New Delhi: New research at Queen's University highlights the impact that microplastics are having on hermit crabs, which play an important role in balancing the marine ecosystem.
The research found that microplastics are affecting the behaviour of hermit crabs, namely their ability during shell fight contests, which are vital to their survival.
There is a strong association between hermit crabs and their shelters or shells, which are taken from marine snails to protect their soft abdomens. As the hermit crab grows over the years, it will need to find a succession of larger and larger shells to replace the ones that have become too small.
They can achieve this through a contest, termed a shell fight, involving the 'attacker' rapping their shell against the 'defender' in an attempt to evict the opponent from its shell.
In these contests, the hermit crabs will fight a competitor to secure the shell that they favour. These shells are vital in protecting and enabling hermit crabs to grow, reproduce and survive.
The new study builds on previous research by Queen's University that showed hermit crabs were less likely to touch or enter high-quality shells when exposed to microplastics.
The new study, published in Royal Society Open Science, provides a more in-depth insight into how the hermit crabs behaviour is affected when exposed to microplastics. The microplastics impair both the attacking and defending behaviour of hermit crabs during contests, impeding their ability to secure the larger shell that is required for both their growth and survival.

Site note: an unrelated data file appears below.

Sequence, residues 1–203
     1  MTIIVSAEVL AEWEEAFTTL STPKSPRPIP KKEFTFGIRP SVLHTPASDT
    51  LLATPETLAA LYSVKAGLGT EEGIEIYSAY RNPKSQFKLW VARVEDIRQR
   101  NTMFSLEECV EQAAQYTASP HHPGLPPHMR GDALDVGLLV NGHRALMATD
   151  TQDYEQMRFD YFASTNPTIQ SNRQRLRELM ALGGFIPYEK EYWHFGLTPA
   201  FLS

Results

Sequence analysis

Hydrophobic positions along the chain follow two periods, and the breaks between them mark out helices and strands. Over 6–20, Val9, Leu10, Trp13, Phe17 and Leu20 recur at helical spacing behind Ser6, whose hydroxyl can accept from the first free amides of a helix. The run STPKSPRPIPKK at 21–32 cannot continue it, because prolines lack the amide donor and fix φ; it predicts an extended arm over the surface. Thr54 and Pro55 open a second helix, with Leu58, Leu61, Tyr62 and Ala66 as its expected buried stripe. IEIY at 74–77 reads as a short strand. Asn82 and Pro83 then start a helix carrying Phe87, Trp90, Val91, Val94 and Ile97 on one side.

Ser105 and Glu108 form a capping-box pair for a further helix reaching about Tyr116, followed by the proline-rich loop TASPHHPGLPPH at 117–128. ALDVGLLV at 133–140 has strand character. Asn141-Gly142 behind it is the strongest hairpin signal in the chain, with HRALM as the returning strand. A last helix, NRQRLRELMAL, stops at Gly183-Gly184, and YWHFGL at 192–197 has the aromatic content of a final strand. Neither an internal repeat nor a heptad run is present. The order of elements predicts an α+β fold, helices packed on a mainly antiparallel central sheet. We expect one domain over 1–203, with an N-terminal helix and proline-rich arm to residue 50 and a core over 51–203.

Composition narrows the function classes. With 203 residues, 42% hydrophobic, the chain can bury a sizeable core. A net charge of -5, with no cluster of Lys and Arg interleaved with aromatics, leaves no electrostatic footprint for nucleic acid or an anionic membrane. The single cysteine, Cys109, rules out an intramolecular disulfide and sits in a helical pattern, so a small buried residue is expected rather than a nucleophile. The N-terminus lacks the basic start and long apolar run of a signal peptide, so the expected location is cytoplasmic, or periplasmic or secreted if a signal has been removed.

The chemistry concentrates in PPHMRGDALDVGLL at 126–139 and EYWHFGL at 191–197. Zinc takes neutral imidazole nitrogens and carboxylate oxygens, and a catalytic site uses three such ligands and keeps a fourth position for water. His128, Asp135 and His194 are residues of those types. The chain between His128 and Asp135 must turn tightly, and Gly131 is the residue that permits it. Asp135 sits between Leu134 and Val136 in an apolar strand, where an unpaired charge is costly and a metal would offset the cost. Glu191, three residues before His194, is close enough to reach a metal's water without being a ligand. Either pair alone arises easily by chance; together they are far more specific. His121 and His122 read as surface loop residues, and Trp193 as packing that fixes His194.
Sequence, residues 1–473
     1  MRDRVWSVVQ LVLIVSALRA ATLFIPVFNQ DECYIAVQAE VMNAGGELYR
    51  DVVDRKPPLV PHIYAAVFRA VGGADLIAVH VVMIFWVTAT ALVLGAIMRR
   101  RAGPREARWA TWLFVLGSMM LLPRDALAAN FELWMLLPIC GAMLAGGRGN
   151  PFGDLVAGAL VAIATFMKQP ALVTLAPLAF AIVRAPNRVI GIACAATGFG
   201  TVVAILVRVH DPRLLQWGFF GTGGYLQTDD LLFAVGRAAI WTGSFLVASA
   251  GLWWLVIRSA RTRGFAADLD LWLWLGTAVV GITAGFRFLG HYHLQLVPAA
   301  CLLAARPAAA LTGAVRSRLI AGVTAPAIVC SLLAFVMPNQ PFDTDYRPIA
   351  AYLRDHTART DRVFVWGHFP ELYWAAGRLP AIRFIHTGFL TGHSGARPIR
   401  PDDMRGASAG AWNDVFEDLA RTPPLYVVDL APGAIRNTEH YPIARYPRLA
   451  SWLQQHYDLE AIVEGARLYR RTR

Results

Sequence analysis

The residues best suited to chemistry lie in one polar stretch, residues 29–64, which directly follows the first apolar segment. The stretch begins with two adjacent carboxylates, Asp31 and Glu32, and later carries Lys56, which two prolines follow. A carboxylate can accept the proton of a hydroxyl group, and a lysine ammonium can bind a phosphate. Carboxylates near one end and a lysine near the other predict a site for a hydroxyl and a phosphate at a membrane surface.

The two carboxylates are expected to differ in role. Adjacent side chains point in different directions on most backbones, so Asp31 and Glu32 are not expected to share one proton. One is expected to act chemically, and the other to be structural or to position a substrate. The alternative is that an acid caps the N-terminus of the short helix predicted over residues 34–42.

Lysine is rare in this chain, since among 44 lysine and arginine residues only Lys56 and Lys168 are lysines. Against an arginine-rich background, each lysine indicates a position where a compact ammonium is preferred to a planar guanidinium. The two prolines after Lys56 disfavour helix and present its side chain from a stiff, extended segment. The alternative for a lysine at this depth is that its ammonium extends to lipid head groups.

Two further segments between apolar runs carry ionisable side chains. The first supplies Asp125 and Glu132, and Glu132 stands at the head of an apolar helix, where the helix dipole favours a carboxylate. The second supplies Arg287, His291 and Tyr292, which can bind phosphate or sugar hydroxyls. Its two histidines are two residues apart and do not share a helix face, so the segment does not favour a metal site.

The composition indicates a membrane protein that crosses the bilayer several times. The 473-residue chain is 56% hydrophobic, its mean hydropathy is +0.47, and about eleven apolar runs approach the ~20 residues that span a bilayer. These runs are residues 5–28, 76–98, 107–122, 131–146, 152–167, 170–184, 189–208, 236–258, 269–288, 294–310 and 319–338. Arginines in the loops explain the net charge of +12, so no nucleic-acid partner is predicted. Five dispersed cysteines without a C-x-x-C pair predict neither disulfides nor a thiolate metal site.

The research involved keeping hermit crabs in two tanks: one which contained polyethene spheres (a common microplastic pollutant) and one without plastic (control) for five days. The team simulated the environment to encourage a hermit crab contest by placing pairs of hermit crabs in an arena, giving the larger crab a shell that was too small and the smaller crab a shell that was too big.
Plastic-exposed hermit crabs displayed weaker attacking behaviour (known as rapping) during fights than crabs that were not exposed to plastic.
Microplastics also reduced the ability to defend crabs to properly assess their attackers during contests and impaired their decision to give up their shells earlier.
Hermit crabs are known as scavengers as they recycle energy back into the ecosystem by eating up decomposed sea life and bacteria.
As such, they play a vital role in rebalancing the ecosystem and are an important part of marine life.
Manus Cunningham from Queen's University and one of the lead researchers on the paper, said: "These findings are hugely significant as they illustrate how both the information-gathering and shell evaluations were impaired when exposed to microplastics.
"Although 10 per cent of global plastic production ends up in the ocean, there is very limited research on how this can disrupt animal behaviour and cognition. This study shows how the microplastic pollution crisis is threatening biodiversity more than is currently recognised."